Alex Stamos on the security problems of the platforms' content moderation, and what to do about them

Alex Stamos (previously) is the former Chief Security Officer of Yahoo and Facebook. I've jokingly called him a "human warrant canary" because it seems that whenever he leaves a job, we later learn that his departure was precipitated by some terrible compromise the company was making -- he says that he prefers to be thought of as "the Forrest Gump of infosec" because whenever there is a terrible geopolitical information warfare crisis, he's in the background, playing ping-pong.

After departing Facebook, Stamos started as new phase of his career as an academic in Stanford's information warfare group, and in that capacity, he recently presented at UC Berkeley's School of Information with a talk called "The Platform Challenge: Balancing Safety, Privacy and Freedom" at the schoo's Dataedge 2019 conference.

The talk is an absolute must-watch: Stamos describes the crisis that giant platforms face in trying to balance out anti-abuse (which benefits from spying on users) with privacy and compliance with government regulation, and how they game those contradictions to let them do a terrible job on every front while sidestepping blame.

Stamos reveals the internal debate about moderation and bad speech -- harassment, extremist recruiting, disinformation -- at the platforms, and blames the platforms' unwillingness to make this dialog public for their crisis of credibility.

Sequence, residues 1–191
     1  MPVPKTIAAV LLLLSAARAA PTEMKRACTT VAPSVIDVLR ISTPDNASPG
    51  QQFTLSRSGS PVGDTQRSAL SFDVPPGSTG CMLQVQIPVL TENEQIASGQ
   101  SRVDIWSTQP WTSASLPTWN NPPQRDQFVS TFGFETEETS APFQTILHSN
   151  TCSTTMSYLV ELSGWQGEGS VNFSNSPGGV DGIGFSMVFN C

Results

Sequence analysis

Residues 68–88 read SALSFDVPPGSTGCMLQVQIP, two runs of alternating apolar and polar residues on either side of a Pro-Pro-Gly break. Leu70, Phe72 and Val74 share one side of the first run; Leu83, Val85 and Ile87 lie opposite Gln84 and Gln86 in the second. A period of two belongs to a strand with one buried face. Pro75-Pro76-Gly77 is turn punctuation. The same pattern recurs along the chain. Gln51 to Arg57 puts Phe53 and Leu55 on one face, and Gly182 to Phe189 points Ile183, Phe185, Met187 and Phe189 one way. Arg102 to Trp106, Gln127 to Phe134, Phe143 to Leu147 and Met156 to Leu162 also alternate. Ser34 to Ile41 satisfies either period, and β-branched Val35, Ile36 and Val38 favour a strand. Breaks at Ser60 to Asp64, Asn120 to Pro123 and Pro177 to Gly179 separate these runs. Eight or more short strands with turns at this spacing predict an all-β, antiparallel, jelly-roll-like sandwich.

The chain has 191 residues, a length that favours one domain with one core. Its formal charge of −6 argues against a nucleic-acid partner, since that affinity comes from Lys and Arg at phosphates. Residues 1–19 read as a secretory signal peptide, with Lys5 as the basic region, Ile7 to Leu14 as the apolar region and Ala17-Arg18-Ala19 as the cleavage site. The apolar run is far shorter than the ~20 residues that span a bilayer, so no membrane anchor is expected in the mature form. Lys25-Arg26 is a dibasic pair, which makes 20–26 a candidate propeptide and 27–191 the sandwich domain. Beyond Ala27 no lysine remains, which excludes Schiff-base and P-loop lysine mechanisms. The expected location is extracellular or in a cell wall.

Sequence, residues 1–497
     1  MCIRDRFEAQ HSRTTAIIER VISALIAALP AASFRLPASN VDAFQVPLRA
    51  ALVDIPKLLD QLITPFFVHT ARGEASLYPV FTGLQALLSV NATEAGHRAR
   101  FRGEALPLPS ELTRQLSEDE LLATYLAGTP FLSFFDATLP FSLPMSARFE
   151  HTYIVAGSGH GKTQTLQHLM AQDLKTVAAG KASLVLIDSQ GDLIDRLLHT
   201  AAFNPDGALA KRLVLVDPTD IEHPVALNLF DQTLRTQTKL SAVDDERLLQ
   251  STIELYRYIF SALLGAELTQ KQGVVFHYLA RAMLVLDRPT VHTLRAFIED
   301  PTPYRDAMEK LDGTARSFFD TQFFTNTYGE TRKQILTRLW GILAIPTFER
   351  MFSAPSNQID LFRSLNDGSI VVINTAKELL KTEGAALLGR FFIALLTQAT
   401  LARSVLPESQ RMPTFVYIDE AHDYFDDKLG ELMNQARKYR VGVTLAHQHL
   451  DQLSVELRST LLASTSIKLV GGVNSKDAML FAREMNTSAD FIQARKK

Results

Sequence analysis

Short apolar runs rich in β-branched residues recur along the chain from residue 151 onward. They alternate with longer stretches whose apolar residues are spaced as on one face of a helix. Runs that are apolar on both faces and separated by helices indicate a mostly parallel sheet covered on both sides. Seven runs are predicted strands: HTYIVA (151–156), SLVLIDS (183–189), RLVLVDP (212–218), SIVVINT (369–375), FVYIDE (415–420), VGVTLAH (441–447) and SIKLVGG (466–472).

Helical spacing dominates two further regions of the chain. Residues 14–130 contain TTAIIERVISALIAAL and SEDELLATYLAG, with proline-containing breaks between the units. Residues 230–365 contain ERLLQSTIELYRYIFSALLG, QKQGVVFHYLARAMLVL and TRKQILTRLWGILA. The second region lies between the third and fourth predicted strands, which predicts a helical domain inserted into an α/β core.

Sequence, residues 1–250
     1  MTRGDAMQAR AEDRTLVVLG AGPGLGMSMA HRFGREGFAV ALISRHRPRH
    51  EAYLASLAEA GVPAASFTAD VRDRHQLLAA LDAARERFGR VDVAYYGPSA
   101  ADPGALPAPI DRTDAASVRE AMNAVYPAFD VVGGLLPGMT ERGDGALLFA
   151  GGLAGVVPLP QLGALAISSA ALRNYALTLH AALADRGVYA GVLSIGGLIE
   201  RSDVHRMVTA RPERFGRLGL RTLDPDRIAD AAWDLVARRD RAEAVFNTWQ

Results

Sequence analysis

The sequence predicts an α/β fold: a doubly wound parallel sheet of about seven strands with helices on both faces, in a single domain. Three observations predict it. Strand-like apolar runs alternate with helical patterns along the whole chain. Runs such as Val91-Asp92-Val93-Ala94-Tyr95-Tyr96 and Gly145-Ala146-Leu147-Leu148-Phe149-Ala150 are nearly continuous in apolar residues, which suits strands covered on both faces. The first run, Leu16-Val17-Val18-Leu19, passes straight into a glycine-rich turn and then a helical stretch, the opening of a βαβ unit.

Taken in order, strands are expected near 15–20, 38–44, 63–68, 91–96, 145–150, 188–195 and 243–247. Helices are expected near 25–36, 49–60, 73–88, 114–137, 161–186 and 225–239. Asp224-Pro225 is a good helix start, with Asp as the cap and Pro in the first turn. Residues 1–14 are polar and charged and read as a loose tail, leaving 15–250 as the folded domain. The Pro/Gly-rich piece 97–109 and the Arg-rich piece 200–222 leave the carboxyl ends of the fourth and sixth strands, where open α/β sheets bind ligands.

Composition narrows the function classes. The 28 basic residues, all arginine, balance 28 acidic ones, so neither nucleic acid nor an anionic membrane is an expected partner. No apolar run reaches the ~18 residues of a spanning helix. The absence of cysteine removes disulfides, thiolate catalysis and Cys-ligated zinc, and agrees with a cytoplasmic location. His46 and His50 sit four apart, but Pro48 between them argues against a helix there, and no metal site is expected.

Stamos also identifies bigness as a source of the problem, making an analogy between Microsoft's security crisis in the 1990s and Facebook's crisis of today. Stamos says that Microsoft's security was terrible, but not necessarily worse than anyone else's. However, thanks to Microsoft's dominance, their stupid mistakes had much worse, wider-ranging consequences than the mistakes of their smaller competitors. Facebook may not have worse moderation policies than their competitors, but their mistakes are much worse, because they affect up to 2.3 billion Facebook users.

But Stamos stops short of recommending that Facebook be broken up, despite mounting support for this proposition. Instead, Stamos argues that Microsoft's dominance gave it the capital needed for a complete top-to-bottom revamp of its security practices, which paid off and percolated through the industry. In Stamos's account, this was only possible because of the near-total power wielded by founder Bill Gates at the time, so when Gates made security a priority, the company responded. The implication is that the attempts to oust Zuckerberg are misguided, and that Facebook's salvation may be a radical retooling of the sort that can only be undertaken under the kind of unilateral dictatorship that Zuck enjoys at his company.

To Stamos's credit, he does delve into some specifics about how Facebook might revamp its offerings to achieve a better balance, including a very fascinating proposal to allow for anti-harassment tools to work in encrypted messaging tools without compromising the users' privacy. Some of these proposals, though, are pretty alarming, like having the platforms collude on a blacklist of "bad sites" that none of their users are allowed to link to.

All that said, this is a completely novel and important contribution to the debate over content moderation at scale, and it's arrived at a moment when the platforms are under unprecedented pressure to block all kinds of content. It's an hour long video, but that's an hour very well spent.

(via Four Short Links)